The systems have changed their application permission controls, making the user more control over who has access to their data. Improving the privacy of people's location data has also been a priority on new platforms. Here's a look at comparisons between the security features of iOS 13 and Android 10.
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Android 10 (Q) vs iOS 13: See Systems Features
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Keeping your devices up to date is one of the top ways to defend them from malware and hacking. Apple strives to maintain a high standard of updates by providing speed and efficiency to its users and automatically updating the system. This is because the company has full control over the production and manufacture of its components and functions.
However, at Google I / O 2019, the search giant announced that Android updates will also be automated. Thus, the manufacturer also wants to prevent users from having to install them manually by having to restart the device every update of system security.
The point of imbalance of Android in relation to the Apple system in the field of upgrades is that the various manufacturers release their own custom versions of the software. As a result, Google still does not have full control over updates on devices with your system.
iOS 13: Apple's new system was launched on the 19th. Photo: Divulgao / Apple
In order to function fully, applications require multiple permissions to access the device, making it susceptible to leaks of personal information. Seeking to mitigate this potential vulnerability, iOS 13 introduced a new privacy tool, "Sign in with Apple." The security feature uses Apple ID to verify your credentials when signing in to apps, but does not send the email address to the program.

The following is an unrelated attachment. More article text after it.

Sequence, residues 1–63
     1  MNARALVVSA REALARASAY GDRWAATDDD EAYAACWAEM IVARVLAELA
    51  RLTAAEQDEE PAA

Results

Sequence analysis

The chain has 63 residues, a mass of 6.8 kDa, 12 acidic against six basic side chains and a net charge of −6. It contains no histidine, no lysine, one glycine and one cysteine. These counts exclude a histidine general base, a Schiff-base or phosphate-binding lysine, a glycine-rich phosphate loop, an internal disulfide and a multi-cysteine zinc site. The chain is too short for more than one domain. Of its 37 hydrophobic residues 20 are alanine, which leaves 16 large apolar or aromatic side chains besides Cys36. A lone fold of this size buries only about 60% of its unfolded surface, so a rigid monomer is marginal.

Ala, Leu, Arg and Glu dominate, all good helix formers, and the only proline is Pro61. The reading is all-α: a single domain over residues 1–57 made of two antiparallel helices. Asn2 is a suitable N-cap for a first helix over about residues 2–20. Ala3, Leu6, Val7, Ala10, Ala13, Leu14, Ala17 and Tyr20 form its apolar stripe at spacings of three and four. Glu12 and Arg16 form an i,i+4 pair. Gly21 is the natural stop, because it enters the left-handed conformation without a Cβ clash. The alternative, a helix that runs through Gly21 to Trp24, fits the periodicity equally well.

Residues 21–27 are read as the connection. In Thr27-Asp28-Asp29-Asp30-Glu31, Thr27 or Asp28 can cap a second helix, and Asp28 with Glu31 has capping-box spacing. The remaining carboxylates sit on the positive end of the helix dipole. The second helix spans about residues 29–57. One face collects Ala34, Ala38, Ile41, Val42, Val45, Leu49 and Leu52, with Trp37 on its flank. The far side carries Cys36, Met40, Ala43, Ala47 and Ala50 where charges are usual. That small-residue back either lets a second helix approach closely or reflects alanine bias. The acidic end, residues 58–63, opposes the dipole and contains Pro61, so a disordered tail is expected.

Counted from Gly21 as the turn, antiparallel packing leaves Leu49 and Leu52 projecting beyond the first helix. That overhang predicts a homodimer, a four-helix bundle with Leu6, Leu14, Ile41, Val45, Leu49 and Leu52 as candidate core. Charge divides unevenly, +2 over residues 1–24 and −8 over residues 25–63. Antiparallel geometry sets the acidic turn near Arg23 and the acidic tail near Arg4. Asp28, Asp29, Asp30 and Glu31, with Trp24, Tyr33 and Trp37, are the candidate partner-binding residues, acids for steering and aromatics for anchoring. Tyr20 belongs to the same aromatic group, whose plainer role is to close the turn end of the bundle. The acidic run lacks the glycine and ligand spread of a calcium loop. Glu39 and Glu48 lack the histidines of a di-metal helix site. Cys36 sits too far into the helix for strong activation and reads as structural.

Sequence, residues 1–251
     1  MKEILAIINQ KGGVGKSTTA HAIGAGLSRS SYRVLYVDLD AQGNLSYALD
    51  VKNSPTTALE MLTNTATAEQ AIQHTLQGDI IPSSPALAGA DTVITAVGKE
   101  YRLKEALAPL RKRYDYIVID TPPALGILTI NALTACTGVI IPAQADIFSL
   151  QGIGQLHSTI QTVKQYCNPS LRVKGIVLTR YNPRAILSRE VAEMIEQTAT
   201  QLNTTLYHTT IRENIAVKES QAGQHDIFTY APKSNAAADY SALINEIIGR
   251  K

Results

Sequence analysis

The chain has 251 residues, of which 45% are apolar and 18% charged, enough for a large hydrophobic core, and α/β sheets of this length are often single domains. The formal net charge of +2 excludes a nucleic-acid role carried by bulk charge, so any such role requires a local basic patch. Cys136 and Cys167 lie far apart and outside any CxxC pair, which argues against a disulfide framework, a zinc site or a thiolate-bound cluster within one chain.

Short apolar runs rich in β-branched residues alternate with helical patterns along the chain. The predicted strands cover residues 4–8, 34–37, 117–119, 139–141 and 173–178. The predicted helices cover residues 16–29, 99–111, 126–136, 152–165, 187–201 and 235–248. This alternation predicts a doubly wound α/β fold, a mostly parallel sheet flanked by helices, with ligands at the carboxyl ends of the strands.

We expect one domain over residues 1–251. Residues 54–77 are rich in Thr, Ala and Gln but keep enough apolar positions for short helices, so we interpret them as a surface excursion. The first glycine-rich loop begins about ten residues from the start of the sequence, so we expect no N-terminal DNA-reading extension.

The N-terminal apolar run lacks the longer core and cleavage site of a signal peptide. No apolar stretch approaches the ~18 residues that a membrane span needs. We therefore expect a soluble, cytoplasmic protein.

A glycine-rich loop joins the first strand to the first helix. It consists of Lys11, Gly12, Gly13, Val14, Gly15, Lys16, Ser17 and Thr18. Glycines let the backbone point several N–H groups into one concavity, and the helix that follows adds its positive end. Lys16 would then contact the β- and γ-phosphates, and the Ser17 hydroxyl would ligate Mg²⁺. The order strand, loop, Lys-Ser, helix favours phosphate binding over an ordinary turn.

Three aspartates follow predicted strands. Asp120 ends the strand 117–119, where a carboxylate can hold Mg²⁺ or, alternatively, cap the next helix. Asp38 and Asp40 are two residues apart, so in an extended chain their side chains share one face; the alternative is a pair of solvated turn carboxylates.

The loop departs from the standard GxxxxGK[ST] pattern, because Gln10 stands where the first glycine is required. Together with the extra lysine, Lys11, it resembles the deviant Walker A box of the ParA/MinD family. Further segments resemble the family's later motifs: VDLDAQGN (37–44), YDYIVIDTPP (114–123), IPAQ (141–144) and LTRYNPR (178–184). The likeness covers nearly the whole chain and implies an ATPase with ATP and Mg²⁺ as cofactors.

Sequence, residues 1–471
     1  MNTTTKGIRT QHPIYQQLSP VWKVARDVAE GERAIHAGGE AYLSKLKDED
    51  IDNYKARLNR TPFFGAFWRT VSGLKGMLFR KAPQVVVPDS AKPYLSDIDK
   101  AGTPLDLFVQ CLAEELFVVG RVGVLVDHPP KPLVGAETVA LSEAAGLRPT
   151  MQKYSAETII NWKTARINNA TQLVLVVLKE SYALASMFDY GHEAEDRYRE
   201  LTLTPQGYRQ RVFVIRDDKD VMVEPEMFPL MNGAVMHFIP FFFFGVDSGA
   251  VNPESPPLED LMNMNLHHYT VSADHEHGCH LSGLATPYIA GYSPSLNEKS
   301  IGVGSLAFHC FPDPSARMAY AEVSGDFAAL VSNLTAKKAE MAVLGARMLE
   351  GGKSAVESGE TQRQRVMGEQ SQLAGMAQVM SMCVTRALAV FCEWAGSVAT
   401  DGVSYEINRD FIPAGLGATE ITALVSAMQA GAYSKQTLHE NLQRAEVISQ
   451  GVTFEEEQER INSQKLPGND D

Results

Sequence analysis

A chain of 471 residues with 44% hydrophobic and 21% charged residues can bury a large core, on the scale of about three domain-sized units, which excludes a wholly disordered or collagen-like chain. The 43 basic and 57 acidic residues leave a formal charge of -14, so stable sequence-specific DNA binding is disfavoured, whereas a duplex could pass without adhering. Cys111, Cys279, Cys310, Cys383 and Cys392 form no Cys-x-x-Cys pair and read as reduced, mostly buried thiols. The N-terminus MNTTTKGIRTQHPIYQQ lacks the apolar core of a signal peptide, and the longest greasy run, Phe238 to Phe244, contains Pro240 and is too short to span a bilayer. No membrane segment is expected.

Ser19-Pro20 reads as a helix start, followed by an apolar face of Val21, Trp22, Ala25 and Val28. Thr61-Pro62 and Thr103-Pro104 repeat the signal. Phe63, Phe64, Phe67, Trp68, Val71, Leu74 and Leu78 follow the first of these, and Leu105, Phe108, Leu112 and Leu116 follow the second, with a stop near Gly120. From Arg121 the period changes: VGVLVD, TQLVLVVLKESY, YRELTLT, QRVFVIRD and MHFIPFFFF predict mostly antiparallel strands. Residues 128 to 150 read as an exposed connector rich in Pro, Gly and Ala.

Android 10 has a privacy section entirely dedicated to permission controls in the settings menu. This allows you to check and block requests from any application installed on your device.
Android 10 brought users privacy improvements Photo: Divulgao / Google
New location restriction options have been implemented in both system updates. Both platforms include changes to application access to your geographic data. The user can now choose to deny apps permissions, accept them, or allow location information to be accessed only while the app is open in the foreground. On iOS 13, you can also share information only once.
In addition, systems offer the option of sharing photos without sending geographic data to the file. As a result, files do not leave a trail of data as they pass through social networks, messages or emails. On iOS 13, simply select the desired image in the Photos app, click "Options" at the top of the screen, and turn off "Local" under the "Include" section. On Android 10, the feature can be enabled in the "Settings" menu of the Photos app. Just select the "Remove Geographic Location" option.
Even with GPS location permissions turned off, devices can still look for tracks of their geographic information via Wi-Fi and Bluetooth. However, both iOS 13 and Android 10 offer controls over which applications are allowed to access these signals, greatly increasing the security of your location. In Apple's system, Facebook is one of the programs that requests access to Bluetooth data.